to a question about the Union treaty, Mykola Shul'ha, a member
of the Presidium of the Supreme Soviet, argued that the decision
taken last October not to sign the Union treaty before adoption
of a new republican constitution was a mistake. According to
Shul'ha, active participation in preparatory work would have
resulted in a specific Ukrainian approach to the treaty. (Roman
Solchanyk)

INDEPENDENT PSYCHIATRIC ASSOCIATION IN UKRAINE. Radio Kiev reported
on January 30 that Ukrainian psychiatrists formed an independent
association to strengthen humanitarian and moral values in psychiatric
work. The group will seek to protect the social interests of
psychiatrists and other medical specialists, as well as establish
contacts with colleagues in other Soviet republics and abroad.
(NCA/Sallie Wise)

BELORUSSIAN ARMY DEFECTORS. Krasnaya zvezda of January 23 accused
the Belorussian Popular Front of encouraging Belorussian troops
to leave their military units and return home. The newspaper
said that three privates went AWOL on October 14 after a leaflet
signed by the BPF was circulated among a military construction
unit in Ukraine. When they returned to Belorussia, the BPF sought
to protect them. (Kathy Mihalisko)

ARMENIA REJECTS REFERENDUM ON FUTURE OF USSR. TASS reported on
January 31 that the Armenian parliament has ruled not to participate
in the planned March 31 referendum on whether the USSR should
be preserved as an integral state, arguing that the referendum
has not been properly prepared and that it is therefore unacceptable
to hold it as planned. The Georgian parliament has also ruled
to boycott the referendum. (NCA/Liz Fuller)

PROTEST IN KARAGANDA. Central television reported on January
23 that the Karaganda Oblast trade union council had organized
a demonstration to protest meager ration limits and the high
prices of food that must be purchased to supplement rationed
items. Demonstrators reportedly demanded immediate compensation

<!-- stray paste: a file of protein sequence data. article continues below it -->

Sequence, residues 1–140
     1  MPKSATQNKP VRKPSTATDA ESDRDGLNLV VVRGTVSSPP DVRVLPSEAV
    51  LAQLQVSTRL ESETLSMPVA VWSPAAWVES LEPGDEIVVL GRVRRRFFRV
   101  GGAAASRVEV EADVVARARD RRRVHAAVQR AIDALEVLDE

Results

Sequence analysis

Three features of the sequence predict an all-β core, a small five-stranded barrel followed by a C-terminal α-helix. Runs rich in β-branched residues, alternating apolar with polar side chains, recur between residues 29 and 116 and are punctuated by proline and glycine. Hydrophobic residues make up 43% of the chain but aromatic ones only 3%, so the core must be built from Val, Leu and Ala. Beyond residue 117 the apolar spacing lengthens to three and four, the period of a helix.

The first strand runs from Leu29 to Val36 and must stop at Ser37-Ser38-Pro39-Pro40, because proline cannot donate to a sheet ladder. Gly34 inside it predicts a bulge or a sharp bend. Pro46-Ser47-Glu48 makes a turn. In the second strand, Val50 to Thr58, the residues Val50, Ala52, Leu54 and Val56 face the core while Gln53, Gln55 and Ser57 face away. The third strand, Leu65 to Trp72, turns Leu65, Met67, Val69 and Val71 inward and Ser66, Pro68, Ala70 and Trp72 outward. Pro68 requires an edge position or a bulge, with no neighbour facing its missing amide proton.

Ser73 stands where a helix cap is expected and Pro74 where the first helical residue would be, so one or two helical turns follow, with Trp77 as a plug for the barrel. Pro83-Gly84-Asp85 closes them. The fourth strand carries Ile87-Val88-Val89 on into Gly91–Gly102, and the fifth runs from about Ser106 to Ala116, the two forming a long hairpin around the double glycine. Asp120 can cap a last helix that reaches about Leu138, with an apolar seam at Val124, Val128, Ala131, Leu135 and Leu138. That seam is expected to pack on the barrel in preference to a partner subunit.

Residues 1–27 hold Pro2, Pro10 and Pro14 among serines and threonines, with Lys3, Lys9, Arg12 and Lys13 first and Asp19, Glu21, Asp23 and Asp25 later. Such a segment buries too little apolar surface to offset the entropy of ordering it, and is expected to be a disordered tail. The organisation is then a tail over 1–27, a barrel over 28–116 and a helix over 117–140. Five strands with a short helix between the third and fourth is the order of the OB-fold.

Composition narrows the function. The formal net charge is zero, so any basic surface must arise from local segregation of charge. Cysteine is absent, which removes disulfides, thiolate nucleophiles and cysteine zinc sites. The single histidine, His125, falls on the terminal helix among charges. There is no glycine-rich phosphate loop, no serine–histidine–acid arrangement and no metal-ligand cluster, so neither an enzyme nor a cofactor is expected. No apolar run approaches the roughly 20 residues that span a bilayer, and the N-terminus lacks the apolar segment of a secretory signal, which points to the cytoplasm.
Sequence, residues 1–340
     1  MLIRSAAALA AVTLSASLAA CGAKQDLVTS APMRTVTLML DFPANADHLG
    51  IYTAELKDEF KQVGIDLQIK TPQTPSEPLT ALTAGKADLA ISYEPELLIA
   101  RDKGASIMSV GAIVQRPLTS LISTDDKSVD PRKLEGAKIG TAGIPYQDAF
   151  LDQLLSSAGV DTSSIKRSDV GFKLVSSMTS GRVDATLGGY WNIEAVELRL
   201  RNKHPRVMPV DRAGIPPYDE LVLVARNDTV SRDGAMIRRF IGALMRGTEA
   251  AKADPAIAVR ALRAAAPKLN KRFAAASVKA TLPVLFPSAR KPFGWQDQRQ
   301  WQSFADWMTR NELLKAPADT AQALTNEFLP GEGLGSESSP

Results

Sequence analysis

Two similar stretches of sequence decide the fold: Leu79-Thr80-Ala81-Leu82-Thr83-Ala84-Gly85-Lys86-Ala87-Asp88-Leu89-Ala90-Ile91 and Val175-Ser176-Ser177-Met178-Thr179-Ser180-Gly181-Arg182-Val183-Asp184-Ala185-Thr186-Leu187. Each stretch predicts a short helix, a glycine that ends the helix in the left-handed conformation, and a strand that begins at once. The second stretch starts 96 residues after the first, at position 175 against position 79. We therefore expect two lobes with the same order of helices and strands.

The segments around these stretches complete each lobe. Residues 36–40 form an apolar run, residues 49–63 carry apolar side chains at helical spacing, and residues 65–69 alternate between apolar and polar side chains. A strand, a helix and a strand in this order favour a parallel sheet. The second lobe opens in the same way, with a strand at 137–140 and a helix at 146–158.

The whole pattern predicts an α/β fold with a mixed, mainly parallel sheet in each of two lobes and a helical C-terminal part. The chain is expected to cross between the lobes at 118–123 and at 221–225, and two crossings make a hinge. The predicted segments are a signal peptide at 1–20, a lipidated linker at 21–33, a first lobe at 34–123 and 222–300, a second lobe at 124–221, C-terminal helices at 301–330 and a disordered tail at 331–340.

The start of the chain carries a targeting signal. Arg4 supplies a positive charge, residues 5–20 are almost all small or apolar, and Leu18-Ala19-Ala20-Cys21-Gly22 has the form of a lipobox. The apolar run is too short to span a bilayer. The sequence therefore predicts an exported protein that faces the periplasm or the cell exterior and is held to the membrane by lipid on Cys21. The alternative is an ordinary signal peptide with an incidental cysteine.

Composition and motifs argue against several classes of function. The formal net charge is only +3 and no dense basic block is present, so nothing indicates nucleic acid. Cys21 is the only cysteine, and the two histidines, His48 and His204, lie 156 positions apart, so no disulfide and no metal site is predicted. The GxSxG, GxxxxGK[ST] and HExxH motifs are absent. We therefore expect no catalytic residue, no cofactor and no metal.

for the higher food prices, along with a price freeze at January
1, 1991, levels, and proposed that since the state system cannot
provide the population with food, anyone who asks should be granted
a plot of land to grow his own. (Bess Brown)

MUSLIM CLERGY ORGANIZE TRADE UNION COMMITTEE. TASS, quoting Trud,
reported on January 29 that employees of the Muslim Religious
Board for Central Asia and employees of its publications have
joined students and teachers of the Islamic institute to form
their own trade union committee as part of the union of cultural
workers of Uzbekistan. The new committee is to gain for its members
the social benefits provided by trade unions and formerly inaccessible
to the clergy. (Bess Brown)

KYRGYZSTAN TO KEEP NEW NAME. The Supreme Soviet of Kyrgyzstan
has rejected Kirgiz Communist Party chief Absamat Masaliev's
attempt to restore "Soviet" and "Socialist" to the republic's
official name. Radio Moscow reported on January 31 that the Supreme
Soviet had confirmed the new name, Republic of Kyrgyzstan, and
voted to alter the republic's constitution accordingly. (Bess
Brown)

PRESS WAR IN KAZAKHSTAN. Chief editors of Kazakhstan's republican
press media have warned Kazakh president Nursultan Nazarbaev
that their publications may have to shut down, since the republican
ministry of communications has sharply raised the price of paper
and of postal deliveries. Publishers can no longer make ends
meet, according to an item in Izvestia of January 26, and want
Nazarbaev to intervene with the ministry. (Bess Brown)

KABARDINO-BALKARIA DECLARES ITS SOVEREIGNTY. After sharp discussions
the supreme soviet of the Kabardino-Balkar ASSR adopted a declaration
of sovereignty, raising the status of the republic to that of
an SSR within the RSFSR. As reported by TASS on January 31, the
declaration proclaims the sovereignty of republican laws on its
territory, and grants equal rights to the Kabardian, Balkar,
and Russian languages. The only autonomous republics that have
not yet adopted some form of declaration of state sovereignty
are Dagestan, Tuva, Adzharia, and Nakhichevan', but the latter
two are special cases, the "titular" nationality being the same
as that of the parent republic. (Ann Sheehy)

[as of 1300 CET]


[English] [Russian TRANS | KOI8 | ALT | WIN | MAC | ISO5]